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Alimony and post-2018 changes to tax law

Tax laws can have significant impacts on how a divorce settlement is negotiated, especially for couples in Virginia with significant assets. Due to tax law changes that are scheduled to go into effect on New Year's Day in 2019, many couples are accelerating their plans to divorce in order to finalize their agreements before 2018 is over.

One of the most significant changes to tax laws for couples deciding to divorce is the way that alimony or spousal support will be treated under federal income tax rules. Currently and in the past, spousal support was tax-deductible for the paying spouse. For people in high tax brackets, this deduction often makes a major difference in their annual tax bill, enabling them to pay a higher amount in spousal support while reaping the benefits on their tax returns. In the current setup, the recipient of alimony payments pays taxes on that income. In general, these taxes were paid in a lower bracket, and because this income is taxable, it could be invested in an IRA.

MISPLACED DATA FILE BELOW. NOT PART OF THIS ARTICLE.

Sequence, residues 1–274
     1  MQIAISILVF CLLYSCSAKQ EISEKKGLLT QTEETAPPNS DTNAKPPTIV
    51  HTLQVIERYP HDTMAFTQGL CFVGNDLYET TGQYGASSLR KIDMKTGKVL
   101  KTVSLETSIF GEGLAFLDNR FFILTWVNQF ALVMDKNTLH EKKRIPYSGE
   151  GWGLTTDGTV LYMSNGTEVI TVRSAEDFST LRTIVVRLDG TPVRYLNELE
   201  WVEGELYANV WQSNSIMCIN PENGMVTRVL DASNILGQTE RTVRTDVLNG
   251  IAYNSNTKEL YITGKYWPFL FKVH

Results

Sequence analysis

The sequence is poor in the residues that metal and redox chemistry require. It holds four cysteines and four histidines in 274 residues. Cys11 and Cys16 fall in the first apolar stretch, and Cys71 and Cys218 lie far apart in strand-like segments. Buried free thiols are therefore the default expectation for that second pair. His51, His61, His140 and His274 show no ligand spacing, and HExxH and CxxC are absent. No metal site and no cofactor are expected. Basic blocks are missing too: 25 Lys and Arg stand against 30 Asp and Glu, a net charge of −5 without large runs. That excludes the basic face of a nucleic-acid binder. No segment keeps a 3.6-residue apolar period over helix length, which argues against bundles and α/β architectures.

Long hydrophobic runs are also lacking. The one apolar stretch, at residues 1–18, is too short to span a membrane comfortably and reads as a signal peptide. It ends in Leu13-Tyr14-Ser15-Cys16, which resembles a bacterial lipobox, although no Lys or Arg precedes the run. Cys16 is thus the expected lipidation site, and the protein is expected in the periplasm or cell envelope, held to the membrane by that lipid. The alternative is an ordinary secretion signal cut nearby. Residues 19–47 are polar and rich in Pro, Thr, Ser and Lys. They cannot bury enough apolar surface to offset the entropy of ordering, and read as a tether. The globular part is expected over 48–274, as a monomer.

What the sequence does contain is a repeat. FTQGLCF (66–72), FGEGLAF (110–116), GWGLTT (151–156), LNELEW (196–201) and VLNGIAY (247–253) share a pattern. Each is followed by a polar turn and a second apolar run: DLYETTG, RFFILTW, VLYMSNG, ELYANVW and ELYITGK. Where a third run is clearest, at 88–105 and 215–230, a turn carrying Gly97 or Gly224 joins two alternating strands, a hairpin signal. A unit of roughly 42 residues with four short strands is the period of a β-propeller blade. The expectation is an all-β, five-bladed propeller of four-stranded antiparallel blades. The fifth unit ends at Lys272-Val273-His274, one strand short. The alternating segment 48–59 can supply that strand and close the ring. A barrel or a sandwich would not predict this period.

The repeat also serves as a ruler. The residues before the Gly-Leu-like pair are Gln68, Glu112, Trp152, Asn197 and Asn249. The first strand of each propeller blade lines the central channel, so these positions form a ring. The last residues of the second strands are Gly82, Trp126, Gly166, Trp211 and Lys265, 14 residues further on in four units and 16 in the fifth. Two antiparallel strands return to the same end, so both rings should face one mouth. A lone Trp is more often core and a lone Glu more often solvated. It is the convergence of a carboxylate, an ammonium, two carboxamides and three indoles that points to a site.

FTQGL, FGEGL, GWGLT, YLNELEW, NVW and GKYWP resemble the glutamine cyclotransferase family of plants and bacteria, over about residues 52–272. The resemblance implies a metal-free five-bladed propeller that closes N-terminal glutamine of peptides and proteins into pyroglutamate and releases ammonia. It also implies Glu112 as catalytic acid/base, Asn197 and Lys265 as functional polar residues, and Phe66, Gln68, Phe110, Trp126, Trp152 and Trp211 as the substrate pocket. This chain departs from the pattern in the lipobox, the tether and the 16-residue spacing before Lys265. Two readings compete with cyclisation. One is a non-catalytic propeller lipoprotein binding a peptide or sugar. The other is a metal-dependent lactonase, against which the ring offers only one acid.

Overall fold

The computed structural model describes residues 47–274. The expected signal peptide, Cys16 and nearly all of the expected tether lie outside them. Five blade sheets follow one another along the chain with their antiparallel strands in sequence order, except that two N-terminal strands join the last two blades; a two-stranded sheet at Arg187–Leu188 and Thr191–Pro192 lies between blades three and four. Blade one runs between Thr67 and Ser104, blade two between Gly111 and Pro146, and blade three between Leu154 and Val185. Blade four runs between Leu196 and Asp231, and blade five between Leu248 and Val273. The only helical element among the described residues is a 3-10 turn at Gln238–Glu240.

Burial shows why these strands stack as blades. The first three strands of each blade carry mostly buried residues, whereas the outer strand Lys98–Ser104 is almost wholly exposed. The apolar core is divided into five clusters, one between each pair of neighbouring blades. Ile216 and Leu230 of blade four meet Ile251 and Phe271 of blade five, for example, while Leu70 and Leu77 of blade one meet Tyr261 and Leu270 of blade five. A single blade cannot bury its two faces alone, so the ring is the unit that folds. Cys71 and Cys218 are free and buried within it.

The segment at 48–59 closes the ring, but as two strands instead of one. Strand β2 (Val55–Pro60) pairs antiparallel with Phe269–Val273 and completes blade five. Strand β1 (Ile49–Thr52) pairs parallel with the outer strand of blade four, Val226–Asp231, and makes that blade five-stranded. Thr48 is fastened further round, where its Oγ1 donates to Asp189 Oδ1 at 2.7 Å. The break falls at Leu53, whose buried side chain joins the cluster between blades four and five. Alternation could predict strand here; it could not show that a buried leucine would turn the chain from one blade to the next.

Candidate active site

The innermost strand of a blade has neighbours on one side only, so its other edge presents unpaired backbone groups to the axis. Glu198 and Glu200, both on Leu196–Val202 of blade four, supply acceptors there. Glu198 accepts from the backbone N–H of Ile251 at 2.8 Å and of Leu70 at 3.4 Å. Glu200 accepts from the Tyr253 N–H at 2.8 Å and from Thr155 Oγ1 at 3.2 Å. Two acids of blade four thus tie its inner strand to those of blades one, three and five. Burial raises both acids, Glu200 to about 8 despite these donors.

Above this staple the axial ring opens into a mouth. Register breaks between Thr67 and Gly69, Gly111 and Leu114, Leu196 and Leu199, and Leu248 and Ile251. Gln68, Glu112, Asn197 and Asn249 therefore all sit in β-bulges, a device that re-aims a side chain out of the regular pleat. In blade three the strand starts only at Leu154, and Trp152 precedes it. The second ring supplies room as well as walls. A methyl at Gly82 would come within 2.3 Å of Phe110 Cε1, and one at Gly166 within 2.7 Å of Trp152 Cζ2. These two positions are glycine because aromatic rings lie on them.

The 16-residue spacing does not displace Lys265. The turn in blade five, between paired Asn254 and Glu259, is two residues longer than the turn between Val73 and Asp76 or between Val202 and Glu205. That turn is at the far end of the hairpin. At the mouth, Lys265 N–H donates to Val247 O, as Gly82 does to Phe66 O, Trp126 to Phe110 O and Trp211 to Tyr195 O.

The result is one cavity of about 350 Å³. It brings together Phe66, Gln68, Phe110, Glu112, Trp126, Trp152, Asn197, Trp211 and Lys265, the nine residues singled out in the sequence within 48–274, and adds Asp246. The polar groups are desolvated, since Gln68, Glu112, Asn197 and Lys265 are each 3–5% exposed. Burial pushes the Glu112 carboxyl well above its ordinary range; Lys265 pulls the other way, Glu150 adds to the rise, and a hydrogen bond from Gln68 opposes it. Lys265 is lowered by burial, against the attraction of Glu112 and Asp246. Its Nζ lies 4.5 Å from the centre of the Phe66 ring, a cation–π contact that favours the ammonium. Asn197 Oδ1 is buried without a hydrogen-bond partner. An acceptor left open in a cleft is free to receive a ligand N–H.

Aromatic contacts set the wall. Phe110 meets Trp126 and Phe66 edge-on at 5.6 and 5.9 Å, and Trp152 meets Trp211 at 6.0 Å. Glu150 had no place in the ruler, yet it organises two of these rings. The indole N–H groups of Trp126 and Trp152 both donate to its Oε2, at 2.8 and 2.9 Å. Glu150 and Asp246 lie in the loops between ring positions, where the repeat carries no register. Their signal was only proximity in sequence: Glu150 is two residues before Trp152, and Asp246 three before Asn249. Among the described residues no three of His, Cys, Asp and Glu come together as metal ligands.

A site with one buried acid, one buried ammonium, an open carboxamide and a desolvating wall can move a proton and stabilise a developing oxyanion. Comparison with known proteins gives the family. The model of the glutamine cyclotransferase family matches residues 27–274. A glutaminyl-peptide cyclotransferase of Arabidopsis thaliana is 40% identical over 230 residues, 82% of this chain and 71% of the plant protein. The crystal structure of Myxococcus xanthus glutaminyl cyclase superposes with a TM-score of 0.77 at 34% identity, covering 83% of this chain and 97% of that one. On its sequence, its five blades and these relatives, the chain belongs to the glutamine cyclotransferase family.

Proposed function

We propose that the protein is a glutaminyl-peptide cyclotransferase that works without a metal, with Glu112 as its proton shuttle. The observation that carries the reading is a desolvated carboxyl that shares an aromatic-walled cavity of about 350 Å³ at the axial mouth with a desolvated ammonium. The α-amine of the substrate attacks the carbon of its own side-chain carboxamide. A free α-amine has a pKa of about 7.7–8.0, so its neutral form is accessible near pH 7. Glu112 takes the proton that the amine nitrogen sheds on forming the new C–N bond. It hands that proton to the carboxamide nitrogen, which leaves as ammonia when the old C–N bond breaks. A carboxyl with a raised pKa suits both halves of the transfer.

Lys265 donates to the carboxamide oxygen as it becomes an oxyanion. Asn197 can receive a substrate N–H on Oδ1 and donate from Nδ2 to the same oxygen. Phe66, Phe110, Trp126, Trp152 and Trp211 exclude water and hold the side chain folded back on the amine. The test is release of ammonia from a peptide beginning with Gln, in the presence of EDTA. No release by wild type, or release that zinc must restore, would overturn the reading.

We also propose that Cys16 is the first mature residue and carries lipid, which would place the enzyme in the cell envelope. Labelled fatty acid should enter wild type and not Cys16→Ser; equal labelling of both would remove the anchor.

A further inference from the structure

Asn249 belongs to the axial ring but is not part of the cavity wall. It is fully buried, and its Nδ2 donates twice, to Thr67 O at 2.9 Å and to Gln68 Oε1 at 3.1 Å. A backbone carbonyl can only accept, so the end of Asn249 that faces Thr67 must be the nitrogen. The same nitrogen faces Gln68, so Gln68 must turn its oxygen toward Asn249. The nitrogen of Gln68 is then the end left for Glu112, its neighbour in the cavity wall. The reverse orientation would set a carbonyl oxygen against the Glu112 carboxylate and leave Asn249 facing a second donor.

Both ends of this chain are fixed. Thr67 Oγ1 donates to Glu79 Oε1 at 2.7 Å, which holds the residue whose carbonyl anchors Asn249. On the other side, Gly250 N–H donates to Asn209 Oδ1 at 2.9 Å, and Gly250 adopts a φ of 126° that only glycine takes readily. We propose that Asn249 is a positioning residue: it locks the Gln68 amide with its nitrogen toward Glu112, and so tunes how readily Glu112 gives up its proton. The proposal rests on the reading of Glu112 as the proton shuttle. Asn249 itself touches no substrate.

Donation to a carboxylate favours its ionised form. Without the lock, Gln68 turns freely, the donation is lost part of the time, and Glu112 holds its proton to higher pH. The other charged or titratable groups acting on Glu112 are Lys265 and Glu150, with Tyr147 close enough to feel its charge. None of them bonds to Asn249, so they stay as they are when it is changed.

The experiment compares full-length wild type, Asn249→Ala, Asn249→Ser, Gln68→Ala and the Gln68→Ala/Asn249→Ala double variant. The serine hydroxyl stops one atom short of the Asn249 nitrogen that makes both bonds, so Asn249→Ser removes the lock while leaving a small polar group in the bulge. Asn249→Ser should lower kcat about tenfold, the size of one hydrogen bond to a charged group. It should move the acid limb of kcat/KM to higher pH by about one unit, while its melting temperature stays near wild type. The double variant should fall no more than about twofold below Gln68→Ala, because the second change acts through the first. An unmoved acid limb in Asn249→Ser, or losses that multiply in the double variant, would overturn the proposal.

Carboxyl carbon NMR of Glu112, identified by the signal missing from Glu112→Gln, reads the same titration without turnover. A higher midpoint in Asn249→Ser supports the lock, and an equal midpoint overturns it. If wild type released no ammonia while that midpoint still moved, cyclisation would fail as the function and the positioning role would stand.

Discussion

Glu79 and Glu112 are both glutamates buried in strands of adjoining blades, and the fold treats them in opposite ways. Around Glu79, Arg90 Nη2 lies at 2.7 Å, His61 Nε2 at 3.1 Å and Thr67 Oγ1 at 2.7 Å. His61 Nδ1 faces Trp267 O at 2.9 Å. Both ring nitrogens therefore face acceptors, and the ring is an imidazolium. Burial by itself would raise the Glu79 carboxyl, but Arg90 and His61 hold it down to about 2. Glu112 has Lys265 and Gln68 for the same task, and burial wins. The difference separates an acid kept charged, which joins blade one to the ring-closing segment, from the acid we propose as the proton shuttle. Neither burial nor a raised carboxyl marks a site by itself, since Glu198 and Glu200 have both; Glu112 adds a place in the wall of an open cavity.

As of January 1, 2019, the tax treatment of alimony will change dramatically. The income used to pay spousal support will no longer be tax-deductible for the paying spouse. In addition, the recipient of alimony will no longer be required to pay taxes on the income. While this may seem like a good deal for the receiving spouse, it is likely to lower the amount of spousal support overall. However, it will only apply to couples who finalize their divorces in 2019 or after; divorces finalized before that time will continue to use the current rules.

When couples have significant income and assets to divide in a divorce, negotiations can be complex and overwhelming. A family law attorney can work with divorcing individuals to represent their interests and achieve a fair settlement to finalize their divorces as soon as possible.

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